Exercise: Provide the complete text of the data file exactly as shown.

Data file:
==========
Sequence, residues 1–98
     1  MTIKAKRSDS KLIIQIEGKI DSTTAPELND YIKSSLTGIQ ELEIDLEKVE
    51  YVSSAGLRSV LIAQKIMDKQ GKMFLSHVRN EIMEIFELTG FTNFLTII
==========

Sequence, residues 1–98
     1  MTIKAKRSDS KLIIQIEGKI DSTTAPELND YIKSSLTGIQ ELEIDLEKVE
    51  YVSSAGLRSV LIAQKIMDKQ GKMFLSHVRN EIMEIFELTG FTNFLTII